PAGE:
A sravaka (literally, a “listener”) is someone who fears the sufferings of samsara. Concerned chiefly with his own liberation, he listens to the teachings of the Buddha, realizes the suffering inherent in all conditioned phenomena, and meditates upon the Four Noble Truths: suffering, the cause of suffering (the negative emotions), the extinction of suffering, and the path to attain this extinction.
See also; "Arhat."
View: A sravaka understands that there is no truly existent self inherent in an individual, but maintains that other phenomena have a real basis in indivisible particles and moments of consciousness that he holds to be truly existent. Such views define the Vaibhasika school.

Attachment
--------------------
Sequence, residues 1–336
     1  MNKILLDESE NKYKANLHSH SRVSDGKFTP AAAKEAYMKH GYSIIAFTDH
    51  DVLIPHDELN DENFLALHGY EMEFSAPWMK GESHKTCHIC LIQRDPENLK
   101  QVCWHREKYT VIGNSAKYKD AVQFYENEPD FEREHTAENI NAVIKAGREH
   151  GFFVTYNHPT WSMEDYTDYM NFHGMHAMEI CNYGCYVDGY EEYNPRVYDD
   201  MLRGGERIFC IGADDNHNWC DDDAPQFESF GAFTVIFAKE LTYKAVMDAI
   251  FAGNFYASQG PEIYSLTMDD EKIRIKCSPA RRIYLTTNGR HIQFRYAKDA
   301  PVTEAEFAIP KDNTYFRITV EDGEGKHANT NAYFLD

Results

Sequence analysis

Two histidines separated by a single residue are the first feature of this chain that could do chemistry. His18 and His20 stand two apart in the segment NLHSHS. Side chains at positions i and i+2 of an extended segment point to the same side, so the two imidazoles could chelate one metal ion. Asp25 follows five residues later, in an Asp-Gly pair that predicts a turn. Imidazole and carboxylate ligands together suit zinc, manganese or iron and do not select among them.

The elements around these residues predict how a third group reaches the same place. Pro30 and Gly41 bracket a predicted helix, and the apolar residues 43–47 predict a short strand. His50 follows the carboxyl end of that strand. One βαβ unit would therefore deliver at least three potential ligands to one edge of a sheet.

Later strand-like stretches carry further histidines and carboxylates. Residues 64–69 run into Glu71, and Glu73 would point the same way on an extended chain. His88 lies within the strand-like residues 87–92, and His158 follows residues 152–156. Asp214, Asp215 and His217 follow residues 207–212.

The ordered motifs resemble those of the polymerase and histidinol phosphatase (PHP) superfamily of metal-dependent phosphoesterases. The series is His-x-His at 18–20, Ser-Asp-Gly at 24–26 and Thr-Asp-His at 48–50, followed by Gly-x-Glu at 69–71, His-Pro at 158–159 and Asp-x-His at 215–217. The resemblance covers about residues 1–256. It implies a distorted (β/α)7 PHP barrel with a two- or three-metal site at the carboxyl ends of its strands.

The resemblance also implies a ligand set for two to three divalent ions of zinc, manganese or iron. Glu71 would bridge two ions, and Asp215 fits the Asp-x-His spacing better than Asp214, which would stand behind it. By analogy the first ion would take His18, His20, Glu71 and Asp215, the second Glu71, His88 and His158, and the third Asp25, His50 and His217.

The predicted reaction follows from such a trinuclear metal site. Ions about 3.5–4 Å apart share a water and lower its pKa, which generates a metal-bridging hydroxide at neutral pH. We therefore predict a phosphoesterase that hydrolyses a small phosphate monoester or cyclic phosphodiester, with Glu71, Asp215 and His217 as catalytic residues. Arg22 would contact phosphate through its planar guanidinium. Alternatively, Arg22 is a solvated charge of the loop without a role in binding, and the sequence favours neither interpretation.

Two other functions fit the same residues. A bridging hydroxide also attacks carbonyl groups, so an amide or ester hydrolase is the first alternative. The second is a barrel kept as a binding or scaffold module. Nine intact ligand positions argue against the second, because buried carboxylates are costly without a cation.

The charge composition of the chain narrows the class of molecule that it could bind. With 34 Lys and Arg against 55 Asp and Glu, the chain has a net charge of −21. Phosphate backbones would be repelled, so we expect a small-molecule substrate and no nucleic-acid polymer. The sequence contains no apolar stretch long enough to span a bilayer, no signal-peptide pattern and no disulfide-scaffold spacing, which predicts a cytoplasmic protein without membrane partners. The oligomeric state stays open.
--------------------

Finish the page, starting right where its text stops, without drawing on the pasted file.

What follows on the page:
Meditation: Steeping himself in flawless ethics and lay or monastic self-discipline, the practitioner listens to the teachings, ponders their meaning, and assimilates this meaning through meditation. Applying antidotes, such as considering the unpleasant aspects of objects of desire, he conquers the negative emotions (klesas) and attains inner calm (samatha). Then, by cultivating insight (vipasyana) he comes to understand that an individual possesses no truly existent, independent self.